Compressing your air

Five reasons to take it outside.

March 30, 2012   by Brent Patton

There are tremendous ongoing cost differences between indoor and outdoor space. These include heat, taxes and actual building value versus land value. Often overlooked are the costs of lost production due to a lack and inefficient use of floor space.

An efficient plant maximizes valuable floor space for production. Robotics, presses, workstations and many other types of production equipment must be located inside the plant. Equipment required to operate the actual facility, such as high voltage transformers, HVAC and air make-up units, are conveniently located outdoors.

As a utility, one would presume compressed air equipment would be located outdoors as well, protected from a wide range of undesirable conditions, such as contamination, inefficient ventilation and high operating temperatures. On the contrary, plants routinely waste space around compressors, dryers and filters so equipment can “breathe” properly, when, in fact, clean intake air and correct ventilation are key to an efficient, reliable and long-lasting system.
Extra indoor space provided for your compressor room, over and above access requirements, would be put to better use as production space. An outdoor compressor room is an alternative that requires minimal space. Here are some benefits to taking it outside:

  • It’s easy to add or relocate equipment. Plants that are experiencing growth usually require more floor space and compressed air volume. An outdoor compressor room can be an add-on to current equipment while maintaining existing indoor space. Additional savings are realized during re-installation at a new facility. Adding compressed air for temporary or permanent use is done easily. Most outdoor compressor rooms are designed to include a complete set of compressed air equipment, shipping brackets, ventilation and electrical, all of which can be shipped with little preparation using a tilt-and-load. Once on site, the outdoor compressor room requires no more than an air-line into the plant and a power supply.
  • Capital costs are reduced. Typical outdoor compressor rooms cost between $15,000 and $28,000 (depending on size and options) and include everything a compressor room would require, excluding the actual equipment. Compare that to a building addition that can cost more than $100,000 and may not be designed properly to house a compressor set. Keep in mind many provincial and municipal governments offer incentives to reduce water and energy consumption. The value of these incentives varies depending on the type and efficiency of the existing system. Contact your local utility for more information. Another option is renting a turnkey package. You treat compressed air as a utility, paying a fixed cost while the manufacturer is responsible for all the air and its quality. There are no breakdowns bills, no maintenance bills and no surprises. Not only is the air out of the plant, it’s also off the capital expense line.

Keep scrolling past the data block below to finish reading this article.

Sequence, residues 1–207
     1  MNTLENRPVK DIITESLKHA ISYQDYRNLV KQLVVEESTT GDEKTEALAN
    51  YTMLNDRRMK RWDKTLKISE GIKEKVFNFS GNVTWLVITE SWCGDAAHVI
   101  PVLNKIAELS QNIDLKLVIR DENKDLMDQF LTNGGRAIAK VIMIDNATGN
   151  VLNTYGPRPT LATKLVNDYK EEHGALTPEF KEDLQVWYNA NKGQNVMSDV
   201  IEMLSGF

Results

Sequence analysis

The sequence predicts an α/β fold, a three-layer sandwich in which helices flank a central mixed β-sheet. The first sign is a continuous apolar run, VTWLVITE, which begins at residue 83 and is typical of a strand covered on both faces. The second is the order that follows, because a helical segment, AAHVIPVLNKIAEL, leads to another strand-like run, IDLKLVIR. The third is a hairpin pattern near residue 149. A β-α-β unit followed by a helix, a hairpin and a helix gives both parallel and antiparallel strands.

• Safety and cleanliness. All too often we see compressor rooms that are hot, poorly lit and coated in oil and other contaminants. Air compressors often overheat due to blocked cooling mediums and intake filters. Safety in compressor rooms is an ongoing concern. When the compressor is located outside the facility in its own room, the issues surrounding cleanliness and safety are no longer a concern. Outside, the compressor room draws clean air and requires little or no cleaning. Furthermore, with proper lighting and temperature controls, outdoor compressor rooms provide a safe work environment.
  • Proper design and operation. They maintain the ideal operating parameters for your compressor, thus increasing reliability, quality and life expectancy. Minute particles of the contaminants that clog oil coolers also make their way into the compressor lubricant, shortening the life of bearings and the all other internal moving parts. Outdoor compressor rooms are custom built specifically for the compressor equipment it houses. This means the intake, discharge and backdraft dampers are all engineered to maintain a steady temperature, regardless of the weather outside. Since the compressor is outside, it’s free from plant conditions and uses the cleanest air available.
  • Green alternative. An outdoor installation is a practical way to apply green technology in a way that fits your business model. Air compressors use a lot of power so they are often subjected to scrutiny, and rightfully so.

An outdoor installation addresses three environmental concerns. First, air compressors generate and discharge a significant amount of heat. Outdoors they maintain a steady internal temperature and ducting will reclaim the consistently warm air during the cooler months. Second, taking it outside reduces plant noise drastically, creating a happier and more productive work environment.

Last, the use of shipping containers for compressor rooms takes advantage of single use yet reusable storage containers, and they require less material to build.

Indoor compressed air may be the “usual” way, but it’s not the only way. Taking compression outside saves space, energy and adds some weight to the bottom line.

Brent Patton operates AirCell, a supplier of compressor technology in Mississauga, Ont. E-mail

This article appears in the March 2012 edition of PLANT.

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